Instead, what we get here is a grotesque tale, with horrifying scenes, of the wooden puppet and his (mis)adventures as he navigates a foreign world of mostly unsympathetic characters.
In its favour, though, is that director and writer Matteo Garrone’s Pinocchio captures the era in style and tone and has already won awards in the best costume and set design categories. The special effects, especially where prosthetic make-up is applied to creating the mischievous boy-cum-wooden puppet, is superb.
What is bizarre is the telling. It’s clear that director Garrone has stuck faithfully to Carlo Collodi’s original narrative, especially in emphasising the dark side, an aspect which Disney chose to soften considerably in its animated version.
Based on the 1883 book, this version features child star Federico Ielapi in the title role and he is splendidly backed up by a sympathetic Roberto Benigni as the carpenter, Mister Geppetto. One cannot easily forget Benigni’s 1997 Oscar-winning role in Life is Beautiful, set in a Nazi concentration camp, where he also played opposite a child.
The film, dubbed into English, sees the story through a fresh lens, with live actors all giving weight to the various characters. Interestingly enough, even The Fox and the Cat are played by actors. Massimo Ceccherini (Fox) and Marine Vacth (Cat), characters who lead Pinocchio astray, shape their roles with guile.
Several aspects, evident in the Disney version, are glossed over, including Pinocchio’s relationship with a 100-year-old Talking Cricket. The character, who serves as Pinocchio’s conscience and gives him sage advice, is never fully utilised and the puppet considers him annoying.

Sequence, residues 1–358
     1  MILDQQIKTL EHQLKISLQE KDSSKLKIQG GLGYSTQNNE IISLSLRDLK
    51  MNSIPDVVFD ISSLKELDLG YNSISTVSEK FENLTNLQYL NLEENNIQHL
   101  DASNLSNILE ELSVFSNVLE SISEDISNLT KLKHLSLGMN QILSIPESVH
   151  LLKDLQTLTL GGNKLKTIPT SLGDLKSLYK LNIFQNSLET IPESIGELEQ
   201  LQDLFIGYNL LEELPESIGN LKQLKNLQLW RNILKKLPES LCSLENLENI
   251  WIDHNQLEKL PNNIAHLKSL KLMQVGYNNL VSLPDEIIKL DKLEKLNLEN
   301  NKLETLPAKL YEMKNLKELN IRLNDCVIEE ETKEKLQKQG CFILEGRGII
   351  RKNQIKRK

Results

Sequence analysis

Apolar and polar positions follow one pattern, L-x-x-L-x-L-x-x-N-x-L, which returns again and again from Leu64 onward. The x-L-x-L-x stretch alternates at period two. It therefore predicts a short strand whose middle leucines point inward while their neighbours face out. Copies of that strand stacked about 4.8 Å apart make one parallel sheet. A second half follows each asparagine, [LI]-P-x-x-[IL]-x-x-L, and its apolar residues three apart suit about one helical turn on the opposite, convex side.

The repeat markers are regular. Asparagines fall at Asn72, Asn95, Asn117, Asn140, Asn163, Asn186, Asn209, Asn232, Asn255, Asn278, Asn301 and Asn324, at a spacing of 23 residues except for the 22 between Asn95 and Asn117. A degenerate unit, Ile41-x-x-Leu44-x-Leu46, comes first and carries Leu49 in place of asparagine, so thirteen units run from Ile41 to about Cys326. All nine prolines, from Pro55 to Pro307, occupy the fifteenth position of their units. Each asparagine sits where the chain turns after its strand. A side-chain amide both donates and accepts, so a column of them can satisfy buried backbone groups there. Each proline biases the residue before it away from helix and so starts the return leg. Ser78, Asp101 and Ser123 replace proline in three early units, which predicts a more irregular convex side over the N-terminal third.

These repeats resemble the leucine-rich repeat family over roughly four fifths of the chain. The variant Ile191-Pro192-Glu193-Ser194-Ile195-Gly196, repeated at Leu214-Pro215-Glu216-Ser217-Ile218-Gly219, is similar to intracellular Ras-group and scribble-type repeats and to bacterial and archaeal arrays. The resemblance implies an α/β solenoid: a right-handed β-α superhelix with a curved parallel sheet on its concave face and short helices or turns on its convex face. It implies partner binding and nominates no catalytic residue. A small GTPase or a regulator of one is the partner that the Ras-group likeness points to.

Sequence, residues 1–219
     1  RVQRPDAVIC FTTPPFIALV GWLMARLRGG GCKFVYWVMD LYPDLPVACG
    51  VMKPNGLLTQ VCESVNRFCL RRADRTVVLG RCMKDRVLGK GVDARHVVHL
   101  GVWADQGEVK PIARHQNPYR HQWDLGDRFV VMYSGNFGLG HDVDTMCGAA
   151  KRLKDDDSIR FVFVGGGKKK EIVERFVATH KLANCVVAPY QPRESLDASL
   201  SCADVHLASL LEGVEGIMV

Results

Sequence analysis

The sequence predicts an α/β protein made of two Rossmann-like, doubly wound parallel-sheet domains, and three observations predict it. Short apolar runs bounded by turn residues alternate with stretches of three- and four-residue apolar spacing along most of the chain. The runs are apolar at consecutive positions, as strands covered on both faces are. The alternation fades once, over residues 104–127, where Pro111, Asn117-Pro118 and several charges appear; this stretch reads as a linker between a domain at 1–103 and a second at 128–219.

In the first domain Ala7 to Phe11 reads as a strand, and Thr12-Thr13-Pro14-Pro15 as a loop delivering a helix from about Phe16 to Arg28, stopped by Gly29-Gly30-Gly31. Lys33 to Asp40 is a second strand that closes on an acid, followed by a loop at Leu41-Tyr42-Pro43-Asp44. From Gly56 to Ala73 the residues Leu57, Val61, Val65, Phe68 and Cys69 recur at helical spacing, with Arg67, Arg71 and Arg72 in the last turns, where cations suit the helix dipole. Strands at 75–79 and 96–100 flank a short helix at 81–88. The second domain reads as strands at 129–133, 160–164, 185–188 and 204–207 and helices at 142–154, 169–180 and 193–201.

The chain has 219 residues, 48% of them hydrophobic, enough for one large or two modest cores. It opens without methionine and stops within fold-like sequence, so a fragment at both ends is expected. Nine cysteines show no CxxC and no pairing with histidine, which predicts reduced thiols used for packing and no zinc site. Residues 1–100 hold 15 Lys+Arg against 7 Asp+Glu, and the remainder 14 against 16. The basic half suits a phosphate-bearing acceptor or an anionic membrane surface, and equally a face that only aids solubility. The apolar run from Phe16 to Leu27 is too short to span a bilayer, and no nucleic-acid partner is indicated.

Scenes inside the belly of the terrible dog fish, a gigantic and ravenous sea monster, and children being changed into donkeys are quite frightening. To say this production is ideal for children would be misleading and parents should be aware that sensitive children might find some of the sequences frightening.
Cast: Margot Robbie, Finn Cole, Travis Fimmel, Kerry Condon
Director: Miles Joris-Peyrafitte
Dreamland is an endurance test of epic proportions where dreams and dust come crashing down in a relentless shower of misery.
Director Miles Joris-Peyrafitte takes viewers on a journey of discovery for a young farmer’s son, Eugene Evans (Finn Cole), who unwittingly becomes entangled with a wily woman bank robber, Allison Wells (Margot Robbie), and visualises an exciting out for his grimy existence. The farm is on the precipice of foreclosure by the bank and funds are urgently needed. By turning Allison into the authorities, he will receive a handsome reward which will help save the farm.